Review receipt management procedures to train staff to put receipts directly into shopping bags instead of handing them to customers or, even better, ask if they are ok to receive their receipts by email. Remember that privacy regulations require that you get positive customer consent to save their emails for future use so an email marketing tool to capture consent that will allow customers to unsubscribe themselves.
Encourage social distance outside of the store by increasing the space outside the store where shoppers are waiting to pay. It’s as simple as adding tape on the floor to clearly show where shoppers need to stand. Costco has famously used pallets outside of their stores to enforce social distance requirements in an orderly fashion. Consider assigning an employee to assist customers waiting in line.
Make merchandising improvements at your storefront: Re-do merchandising displays and organize your store to display what you offer right at your storefront.
Organize back office tasks: Remember to review your fulfillment processes as your cashiers will need to have easy access to product or curbside orders at the front of the store to minimize their walking around the store. This way, when shoppers arrive to pick up their purchases or buy things, the checkout process will be faster.
Sanitize surfaces: Regularly sanitize high contact surfaces like PIN pads, checkout counters, door knobs, handles etc. Some customers will need to touch your PINpad to pay. Consider wrapping your PINpad with plastic wrap so that you can wipe it down with sanitizer between every customer but still protect the device.
Stagger employee shifts. In order to promote social distance, schedule a maximum number of employees per shift (2 or 3 employees per shift etc.)
Implement proper hygiene and social distances practices. Communicate new health and safety procedures to staff. Ensure proper hand washing, sanitizing, and overall cleanliness. Place signs in the store to remind employees to wash their hands, sanitize, and keep at a safe distance from one another.
Conduct a physical inventory count to verify inventory amounts. Record losses of inventory that is damaged / expired / spoiled. You’ll want to make sure that the inventory you have counted matches stock levels in your POS or inventory management system.
Review your inventory to decide what needs to be discounted and promoted immediately to bring in cash flow and to minimize your most outdated stock.
Contact your suppliers and vendors to get an update on order lead times and ensure accurate delivery schedules. You don’t want to sell what you can’t fulfill.
Contact your employees:Confirm readiness to return to work and good health.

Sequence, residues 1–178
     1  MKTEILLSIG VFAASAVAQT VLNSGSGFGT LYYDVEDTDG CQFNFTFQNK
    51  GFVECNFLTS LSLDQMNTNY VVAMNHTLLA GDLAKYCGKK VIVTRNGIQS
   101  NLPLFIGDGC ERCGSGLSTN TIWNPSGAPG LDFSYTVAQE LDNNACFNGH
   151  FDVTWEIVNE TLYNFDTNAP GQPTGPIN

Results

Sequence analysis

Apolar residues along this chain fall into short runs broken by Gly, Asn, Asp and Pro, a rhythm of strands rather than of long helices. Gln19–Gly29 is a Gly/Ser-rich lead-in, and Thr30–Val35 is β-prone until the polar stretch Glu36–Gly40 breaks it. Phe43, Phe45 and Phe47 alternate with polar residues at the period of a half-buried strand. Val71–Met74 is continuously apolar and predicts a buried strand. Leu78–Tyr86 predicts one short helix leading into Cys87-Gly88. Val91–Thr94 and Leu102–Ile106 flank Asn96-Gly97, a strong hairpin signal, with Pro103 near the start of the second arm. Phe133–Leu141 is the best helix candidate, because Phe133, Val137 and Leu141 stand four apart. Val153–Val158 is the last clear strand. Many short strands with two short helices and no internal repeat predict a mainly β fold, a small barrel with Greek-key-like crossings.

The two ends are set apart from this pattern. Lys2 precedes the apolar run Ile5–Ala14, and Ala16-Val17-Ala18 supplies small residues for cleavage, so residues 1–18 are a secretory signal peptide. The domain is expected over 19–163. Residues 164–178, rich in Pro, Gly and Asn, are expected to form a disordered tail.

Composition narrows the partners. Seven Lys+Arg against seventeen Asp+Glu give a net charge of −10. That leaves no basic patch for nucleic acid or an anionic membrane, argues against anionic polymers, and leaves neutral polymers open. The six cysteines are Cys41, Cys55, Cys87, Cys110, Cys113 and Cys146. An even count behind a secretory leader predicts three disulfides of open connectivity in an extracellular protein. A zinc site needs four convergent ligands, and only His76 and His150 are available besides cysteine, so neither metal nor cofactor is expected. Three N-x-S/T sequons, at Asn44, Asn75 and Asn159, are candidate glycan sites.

Communicate shift schedules with employees once you’ve confirmed who is ready to return to work.
Inform staff of health and safety procedures going forward. Health and safety will be the top priority of both employees and shoppers for now. If it is not possible to always maintain the required distance from customers, you will need to look at both re-designing the layout of your store, the checkout procedures and supply masks, gloves and hand sanitizer where required for everybody’s protection.
Implement proper hygiene and social distancing policies: Post signage throughout the store, in break rooms, stock rooms, and the bathroom reminding staff to wash their hands and stay at a safe distance from other team members / customers.
Review loss prevention and security policies with employees. Don’t forget to review your POS access rights to make sure the staff permissions are still accurate.
Store Exterior and Interior
Ensure the storefront is clean by washing windows and doors, sweeping the sidewalk, and getting rid of any debris/garbage outside your store. Any areas of high traffic will need to be cleaned repeatedly throughout the day.
Place signage in windows and doors: This includes reopening signs, any promotional/sales signage, and health and safety or social distancing policies.
Sanitize doors knobs, handles, countertops, PINpads, etc. Any areas of high touch by employees or customers will need to be sanitized repeatedly throughout the day. Consider wrapping your PINpad with plastic wrap so that you can wipe it down with sanitizer between every customer but still protect the device.
Ensure the store interior is clean by sweeping and sanitizing floors, walls, fixtures, surfaces, displays, shelves, and windows.
Verify product tags and pricing and print new tags if necessary. Ensure all products are accurately priced and discounted items are tagged.